- Sugar and sugar substitutes (or artificial sweeteners) may not be the only ingredient amplifying sweetness in our food.
- Forbes mentions that we are slowly adapting to ‘lower levels of sweetness’.
- From January 2020, the amount of sugar in a product will be labeled, due to an FDA mandate.
- An uptick is definitely on the horizon-with vendors investing in replacing sugar with natural flavors.
Sugar has been a key ingredient in the food and beverage industry for a long time now. The product is not just a key source of energy but also used to enhance flavors. However, our generation has taken to consuming higher amounts of sugar in the past years. The increased spending on fancy, gourmet, and aesthetically appealing food products is leading to excessive sugar consumption.
While being an important source of glucose, we must note that too much sugar leads to a host of health concerns. Obesity and diabetes are a direct effect of high sugar consumption habits.
Here are some statistics on the same:
- According to the World Health Organization (WHO), over 422 million people suffered from diabetes in 2014. The WHO attributes over 1.6 million deaths to diabetes in 2016 alone.
- In 2016, more than 650 million adults were reportedly obese. 39% of the total global population was overweight in 2016, out of which 13% was obese. According to WHO, a large percentage of the population lives in countries where being obese kills more than being underweight.
Are We Losing Our Sweet Palate?
There has been a rising movement towards discarding and reducing sugar intake in the past few years on these grounds. The struggle to eliminate sugar from daily diet is real, and it has been a trend among weight watchers, diabetics, and the increasingly aware young population. Millennials and the Generation Z obsesses about maintaining a healthy lifestyle. This is a key reason why reducing sugar is in style. Even Forbes says that this trend is leading to a shift in our palate. Apparently, we have been consuming less sweet tasting food products and beverages, and will not tolerate intensely sweet tasting items. Our taste buds, evolved to prefer less sweet delicacies, could play a key role in generating demand for enhanced sweet flavorings.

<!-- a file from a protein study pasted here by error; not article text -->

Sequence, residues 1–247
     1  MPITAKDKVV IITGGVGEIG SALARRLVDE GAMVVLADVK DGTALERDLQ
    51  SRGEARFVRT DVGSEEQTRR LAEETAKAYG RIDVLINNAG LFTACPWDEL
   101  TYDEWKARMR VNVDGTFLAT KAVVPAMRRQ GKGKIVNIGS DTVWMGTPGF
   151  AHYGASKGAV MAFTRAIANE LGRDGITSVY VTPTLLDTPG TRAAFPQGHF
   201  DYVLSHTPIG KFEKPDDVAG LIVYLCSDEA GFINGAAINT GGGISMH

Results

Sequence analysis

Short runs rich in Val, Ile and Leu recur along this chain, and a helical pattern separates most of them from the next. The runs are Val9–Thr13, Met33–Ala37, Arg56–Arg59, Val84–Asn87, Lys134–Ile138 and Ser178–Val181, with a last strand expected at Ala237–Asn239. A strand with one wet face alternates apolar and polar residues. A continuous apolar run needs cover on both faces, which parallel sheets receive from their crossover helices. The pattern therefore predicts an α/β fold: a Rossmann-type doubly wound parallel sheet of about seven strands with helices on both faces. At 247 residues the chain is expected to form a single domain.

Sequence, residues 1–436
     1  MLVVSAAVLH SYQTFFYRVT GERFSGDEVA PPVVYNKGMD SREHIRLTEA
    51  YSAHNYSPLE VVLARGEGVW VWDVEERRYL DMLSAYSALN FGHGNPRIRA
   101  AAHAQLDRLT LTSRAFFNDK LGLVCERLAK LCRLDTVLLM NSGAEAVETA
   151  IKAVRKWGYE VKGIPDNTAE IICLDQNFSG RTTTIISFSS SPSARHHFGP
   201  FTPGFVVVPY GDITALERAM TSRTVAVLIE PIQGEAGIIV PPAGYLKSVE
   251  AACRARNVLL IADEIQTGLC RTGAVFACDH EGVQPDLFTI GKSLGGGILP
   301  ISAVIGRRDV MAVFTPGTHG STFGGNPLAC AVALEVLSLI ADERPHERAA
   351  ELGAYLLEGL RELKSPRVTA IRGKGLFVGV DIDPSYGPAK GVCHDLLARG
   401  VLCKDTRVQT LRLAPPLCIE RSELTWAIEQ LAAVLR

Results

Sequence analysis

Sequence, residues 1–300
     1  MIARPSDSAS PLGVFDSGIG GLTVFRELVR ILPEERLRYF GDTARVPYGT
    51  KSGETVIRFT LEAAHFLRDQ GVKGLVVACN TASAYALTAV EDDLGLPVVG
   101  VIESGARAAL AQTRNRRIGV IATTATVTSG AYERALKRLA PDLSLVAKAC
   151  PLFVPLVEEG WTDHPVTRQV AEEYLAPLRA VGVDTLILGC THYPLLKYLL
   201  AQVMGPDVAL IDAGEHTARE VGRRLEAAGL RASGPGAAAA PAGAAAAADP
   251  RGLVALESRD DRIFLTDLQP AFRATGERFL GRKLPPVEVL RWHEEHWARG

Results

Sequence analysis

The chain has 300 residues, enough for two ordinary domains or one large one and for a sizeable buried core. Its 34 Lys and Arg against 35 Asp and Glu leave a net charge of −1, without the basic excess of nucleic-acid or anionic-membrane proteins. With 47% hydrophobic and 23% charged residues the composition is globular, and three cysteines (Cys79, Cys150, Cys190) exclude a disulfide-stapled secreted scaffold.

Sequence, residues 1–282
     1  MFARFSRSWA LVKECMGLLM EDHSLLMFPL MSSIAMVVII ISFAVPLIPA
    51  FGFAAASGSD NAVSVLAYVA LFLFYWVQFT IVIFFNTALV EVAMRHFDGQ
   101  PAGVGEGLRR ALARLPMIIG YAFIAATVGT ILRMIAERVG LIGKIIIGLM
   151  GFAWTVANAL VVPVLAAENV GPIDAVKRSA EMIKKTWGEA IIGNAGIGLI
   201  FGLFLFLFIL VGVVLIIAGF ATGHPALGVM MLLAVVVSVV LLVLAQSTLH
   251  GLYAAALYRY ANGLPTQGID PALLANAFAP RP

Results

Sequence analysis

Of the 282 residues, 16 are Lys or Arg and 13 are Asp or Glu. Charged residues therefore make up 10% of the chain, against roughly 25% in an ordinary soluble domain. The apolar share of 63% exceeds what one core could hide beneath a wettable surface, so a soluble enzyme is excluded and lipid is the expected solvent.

- Buy Research Report: Global Osseointegration Implants Market Size Valued at US$ 5,672.3 Million in 2017
- Buy Research Report: Global Oncology Drugs Market Estimated to Reached US$ 77.3 Billion in 2018
- I Will Remove Background of Your Picture (for Amazon, Ebay Ads Listing)
- Buy Research Report: Skin Care Products Market Analysis
- Buy Research Report: Antimicrobial Susceptibility Testing Market to Witness a CAGR of 6.2% Over the Forecast Period (2018 – 2026)
- Buy Research Report: Healthcare Consulting Services Market is Set to Reach $15.88 Billion by 2023
- Buy Research Report: Laser Indirect Ophthalmoscope Market to Witness a Strong CAGR of 4.2% Over the Forecast Period (2018–2026)
- Buy Research Report: The Global Nuclear Imaging Equipment Market Size was Leading by Valued at US$ 2,220.5 million in 2017
- Buy Research Report: Cosmetic Dentistry Market: Europe to Dominate the $30.1 billion Industry
- Buy Research Report: By 2026, Halitosis Treatment Market To Surpass US$ 16 Billion
Why Natural Sweeteners Could be the Answer
This has given rise to the adoption of natural sweeteners on the whole. Two key plant species, the Stevia rebaudiana, and Siraitia grosvenorii, contain sweetening properties of high intensity. A study on the natural sweeteners market mentions that a lot of research and investment is being poured into replacing sugar with nature-derived substitutes. According to TMR’s report, erythritol and stevia are key ingredients used in the production of natural sweeteners. Manufacturers are thus investing in the production of nature-derived sweeteners extensively. By 2026, the food and beverage industry is likely to generate over $27,900 million in revenues in this sector.
Regulations put forth by authoritative bodies support this predicament. A levy put on beverage vendors, the sugar tax, is a key development in this case. Further, the U.S. Food and Drug Administration has issued a mandate that requires manufacturers to label the amount of naturally occurring sugar in their product.
A Balance between Taste and Nutrition
However, consumers are not willing to compromise on the taste to a large extent. Our deep-pocketed consumer generation is ready to pay more for a great taste experience while ensuring the ingredients are ‘healthy’. Thus, vendors who are reformulating their products to include natural sweeteners must establish a balance between maintaining the taste and enhancing nutrition.
Does this mean a paradigm shift in the way we taste our sweets? What do you think?